Most of us have heard about Seasonal Affective Disorder (SAD) a mood disorder brought about by specific seasons of the year, typically fall and winter when daylight hours are shorter. Depression, low energy, feelings of sadness, irritability, changes in appetite, and disrupted sleep patterns can all be symptoms. There are some theories on why this happens from a combination of environmental and biological factors, including disruptions in circadian rhythms. There are also other factors as seasonal body changes, putting on extra layers of fat in the winter. This has been said to protect us from the cold, which could be a lasting response from our ancestors but there a lot of other contributing factors:
Temperature for most people lessens their activity level. Unless you love all the outdoor activities that winter brings, instead you may find yourself under a blanket reading a book or watching TV. This of course leads to a few long months without regular activity especially if you don’t go to a gym or if gardening, yard work, walking or jogging in the warmer weather are your regular preferred activities.
Bigger Holidays – In the fall and winter there are many big festive holidays that are fairly close together as in Halloween (technically not a holiday but lots of candy that adults and kids both indulge in), Thanksgiving, Christmas, and New Year’s. These almost always involve large meals and festive foods, which can and will lead to overeating and weight gain if not managed carefully.
Comfort Foods: Cold weather can lead to cravings for calorie-dense, comfort foods like warm soups, stews, and baked goods. Winter foods can be a bit heavier as when cold the body wants to warm up and activity or eating brings up thermogenesis in the body. So, we have to be careful and add lower nutrient dense foods or beverages that are warming, such as adding more veggies to our stews, steamed or roasted veggies if not wanting salad, and herbal teas instead of hot chocolate or sugar flavoured coffee’s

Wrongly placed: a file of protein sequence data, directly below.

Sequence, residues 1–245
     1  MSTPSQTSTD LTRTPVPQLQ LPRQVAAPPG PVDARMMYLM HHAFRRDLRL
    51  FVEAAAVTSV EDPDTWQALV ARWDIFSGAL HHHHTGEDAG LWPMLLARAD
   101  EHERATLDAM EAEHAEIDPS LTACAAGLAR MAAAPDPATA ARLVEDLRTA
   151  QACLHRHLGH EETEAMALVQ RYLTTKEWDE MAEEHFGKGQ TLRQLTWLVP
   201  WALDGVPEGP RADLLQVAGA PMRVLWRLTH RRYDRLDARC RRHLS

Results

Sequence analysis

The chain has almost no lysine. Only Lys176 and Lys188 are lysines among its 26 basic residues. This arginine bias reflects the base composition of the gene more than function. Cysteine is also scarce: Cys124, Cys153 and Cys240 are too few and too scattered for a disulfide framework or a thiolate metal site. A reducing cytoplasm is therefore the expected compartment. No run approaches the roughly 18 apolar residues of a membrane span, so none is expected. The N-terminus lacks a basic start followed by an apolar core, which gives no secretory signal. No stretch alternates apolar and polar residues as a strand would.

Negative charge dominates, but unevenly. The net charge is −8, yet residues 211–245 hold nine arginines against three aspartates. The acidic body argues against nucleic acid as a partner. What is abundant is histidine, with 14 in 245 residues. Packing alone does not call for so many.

Light Exposure: Reduced daylight hours in the winter can affect our circadian rhythms and mood. As mentioned above people may experience SAD and turn to food as an emotional outlet.
Hormonal Changes and Evolutionary Factors: Some research suggests that hormonal changes in response to cold weather might influence appetite and metabolism, an evolutionary factor response where fat storage is increased to provide energy in the cold leaner months when food was scarcer. But now we don’t experience that in modern day, but our ancestral roots lie deep.
It’s important to note that this can be different for everyone. But being prepared and taking action now, can help many of these outcomes. Light therapy, meal planning and figuring out what kind of activity you can incorporate even if just in your home, as simple as marching while watching TV. Maintaining a balanced diet, staying physically active, and being mindful of holiday eating are key. Meal planning, and finding healthy comfort foods can help you maintain a healthy weight throughout the year. If you have concerns about SAD or seasonal body changes, contact your physician or let us at DEEM help you devise a plan for you.
Mikkie Nettles-Pollon, Certified Personal Trainer
/Holistic & Sports Nutritionist
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